Why read Robert Frost's poem, "The Road Not Taken"? Why listen to the poet read it? Try listening, then see if you agree with me....
Video entry Link to text of poem "The Road Not Taken"
As an English teacher, I've read the poem, "The Road Not Taken" by Robert Frost many times. I read it as a student. I've taught it over several years. Many of you have read it or studied it along the way, too. I've examined it line by line with Freshmen, annotating it along the way. I may get it right when I interpret the tone (the author's attitude towards the subject) of wistful regret when looking back at past choices. I will probably keep learning as I return to the poem over time. Here's the gist of my understanding:
Each of us has a fork in the road, where a choice was made. One direction was taken over another. The "road not taken" was left behind. Like Frost, I have "kept the first [road] for another day!" Whether it is a relationship, a school, a friendship, or place where I lived, I believe that I can return, even as I walk down another path.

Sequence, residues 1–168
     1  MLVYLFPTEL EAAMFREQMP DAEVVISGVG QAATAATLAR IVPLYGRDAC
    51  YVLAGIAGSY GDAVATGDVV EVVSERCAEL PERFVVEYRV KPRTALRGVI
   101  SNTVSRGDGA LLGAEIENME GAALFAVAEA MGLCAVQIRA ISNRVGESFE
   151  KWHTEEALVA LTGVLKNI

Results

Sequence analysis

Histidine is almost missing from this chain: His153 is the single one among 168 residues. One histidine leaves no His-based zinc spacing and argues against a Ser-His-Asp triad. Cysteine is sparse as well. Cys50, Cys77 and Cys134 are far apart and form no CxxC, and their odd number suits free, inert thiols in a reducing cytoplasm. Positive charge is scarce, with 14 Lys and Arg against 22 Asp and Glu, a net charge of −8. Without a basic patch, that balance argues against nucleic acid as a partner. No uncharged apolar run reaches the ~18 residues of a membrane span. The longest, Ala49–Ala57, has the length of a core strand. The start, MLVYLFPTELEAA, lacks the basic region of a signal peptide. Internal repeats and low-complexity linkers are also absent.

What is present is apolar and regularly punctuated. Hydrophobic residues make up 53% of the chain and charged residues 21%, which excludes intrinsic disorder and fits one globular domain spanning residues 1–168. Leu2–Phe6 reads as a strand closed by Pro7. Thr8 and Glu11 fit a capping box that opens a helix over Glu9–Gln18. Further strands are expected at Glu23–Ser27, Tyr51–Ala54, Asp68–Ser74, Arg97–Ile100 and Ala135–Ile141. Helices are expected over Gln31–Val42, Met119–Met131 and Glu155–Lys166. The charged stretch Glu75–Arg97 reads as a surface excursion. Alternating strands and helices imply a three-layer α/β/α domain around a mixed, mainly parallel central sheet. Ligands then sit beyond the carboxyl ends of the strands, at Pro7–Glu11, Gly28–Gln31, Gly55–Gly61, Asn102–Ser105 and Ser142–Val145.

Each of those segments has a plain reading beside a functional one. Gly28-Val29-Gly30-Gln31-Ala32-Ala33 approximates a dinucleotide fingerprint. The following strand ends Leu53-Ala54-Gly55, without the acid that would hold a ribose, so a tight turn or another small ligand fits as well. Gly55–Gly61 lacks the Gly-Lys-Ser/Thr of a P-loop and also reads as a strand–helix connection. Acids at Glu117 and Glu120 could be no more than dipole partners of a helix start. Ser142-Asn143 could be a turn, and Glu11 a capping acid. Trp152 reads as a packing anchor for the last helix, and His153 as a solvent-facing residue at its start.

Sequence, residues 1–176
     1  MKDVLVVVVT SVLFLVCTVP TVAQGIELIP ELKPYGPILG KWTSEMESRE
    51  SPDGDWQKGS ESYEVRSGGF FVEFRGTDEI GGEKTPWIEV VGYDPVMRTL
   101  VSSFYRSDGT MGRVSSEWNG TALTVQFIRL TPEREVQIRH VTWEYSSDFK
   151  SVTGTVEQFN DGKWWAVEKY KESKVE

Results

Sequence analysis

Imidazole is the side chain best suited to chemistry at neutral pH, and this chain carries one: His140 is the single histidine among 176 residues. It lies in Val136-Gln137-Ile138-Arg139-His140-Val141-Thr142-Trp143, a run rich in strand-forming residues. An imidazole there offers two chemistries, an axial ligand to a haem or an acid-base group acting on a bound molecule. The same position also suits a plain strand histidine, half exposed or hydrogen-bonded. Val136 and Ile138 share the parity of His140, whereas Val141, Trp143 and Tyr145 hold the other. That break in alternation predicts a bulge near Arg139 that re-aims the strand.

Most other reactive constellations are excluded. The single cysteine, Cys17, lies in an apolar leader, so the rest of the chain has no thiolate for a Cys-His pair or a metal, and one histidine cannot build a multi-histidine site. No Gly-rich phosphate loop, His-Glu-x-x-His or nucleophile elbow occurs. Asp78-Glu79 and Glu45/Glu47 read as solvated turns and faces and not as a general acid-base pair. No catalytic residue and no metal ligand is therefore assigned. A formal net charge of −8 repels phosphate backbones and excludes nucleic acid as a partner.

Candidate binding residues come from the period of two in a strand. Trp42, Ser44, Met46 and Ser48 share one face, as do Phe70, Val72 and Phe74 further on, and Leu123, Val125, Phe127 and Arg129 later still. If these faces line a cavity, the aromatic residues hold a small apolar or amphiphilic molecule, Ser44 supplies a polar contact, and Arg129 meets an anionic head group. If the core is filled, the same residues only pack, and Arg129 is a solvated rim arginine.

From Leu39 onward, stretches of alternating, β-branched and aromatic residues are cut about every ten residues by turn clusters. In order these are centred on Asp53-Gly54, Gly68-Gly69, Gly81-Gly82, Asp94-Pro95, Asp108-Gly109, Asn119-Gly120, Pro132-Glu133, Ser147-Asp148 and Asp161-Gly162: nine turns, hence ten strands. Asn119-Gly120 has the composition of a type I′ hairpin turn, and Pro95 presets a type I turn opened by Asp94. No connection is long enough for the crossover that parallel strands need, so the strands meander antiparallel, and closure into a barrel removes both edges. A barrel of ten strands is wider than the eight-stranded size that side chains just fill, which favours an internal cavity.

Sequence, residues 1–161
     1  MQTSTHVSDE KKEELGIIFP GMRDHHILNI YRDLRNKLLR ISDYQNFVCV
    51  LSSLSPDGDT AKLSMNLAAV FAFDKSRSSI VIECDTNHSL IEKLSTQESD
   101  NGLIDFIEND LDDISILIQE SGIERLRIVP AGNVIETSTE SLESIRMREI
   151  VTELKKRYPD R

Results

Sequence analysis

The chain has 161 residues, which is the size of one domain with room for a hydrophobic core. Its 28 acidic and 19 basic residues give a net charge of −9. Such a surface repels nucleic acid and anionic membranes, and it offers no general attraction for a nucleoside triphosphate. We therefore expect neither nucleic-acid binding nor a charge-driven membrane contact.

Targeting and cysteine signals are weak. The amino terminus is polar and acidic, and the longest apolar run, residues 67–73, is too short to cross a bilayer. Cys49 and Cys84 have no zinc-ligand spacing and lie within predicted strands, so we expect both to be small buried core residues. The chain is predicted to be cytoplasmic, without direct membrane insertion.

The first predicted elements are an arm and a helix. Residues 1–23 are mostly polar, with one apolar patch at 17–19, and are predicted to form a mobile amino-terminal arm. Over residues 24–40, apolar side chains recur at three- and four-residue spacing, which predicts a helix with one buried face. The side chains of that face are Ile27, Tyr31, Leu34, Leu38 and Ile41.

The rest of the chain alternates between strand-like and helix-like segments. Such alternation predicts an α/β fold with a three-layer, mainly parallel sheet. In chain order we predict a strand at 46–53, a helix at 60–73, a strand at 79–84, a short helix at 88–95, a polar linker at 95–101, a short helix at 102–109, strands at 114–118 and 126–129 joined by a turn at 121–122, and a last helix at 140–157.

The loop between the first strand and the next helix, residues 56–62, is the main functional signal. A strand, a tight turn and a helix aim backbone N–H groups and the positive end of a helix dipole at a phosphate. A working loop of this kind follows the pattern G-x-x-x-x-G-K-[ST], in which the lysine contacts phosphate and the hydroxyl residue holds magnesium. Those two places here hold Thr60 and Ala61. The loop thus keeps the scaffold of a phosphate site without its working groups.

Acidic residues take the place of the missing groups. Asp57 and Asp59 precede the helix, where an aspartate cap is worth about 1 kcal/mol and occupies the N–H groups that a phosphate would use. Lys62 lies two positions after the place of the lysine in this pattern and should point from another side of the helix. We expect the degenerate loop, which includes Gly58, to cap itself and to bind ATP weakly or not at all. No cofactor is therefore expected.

Frost's voice soothes us as he closes the poem, stating he "took the one less traveled by, / And that has made all the difference." The cadence of his voice, the pauses and inflections give the poem greater impact and meaning. Do you find this to be true?
So, I wonder what is your "road less traveled by"? Will you take the unusual route, or follow the crowd? I like Frost's advice to find and follow my own road. Tweet out your travel plan or view looking back at a choice using the hashtag #roadnottaken .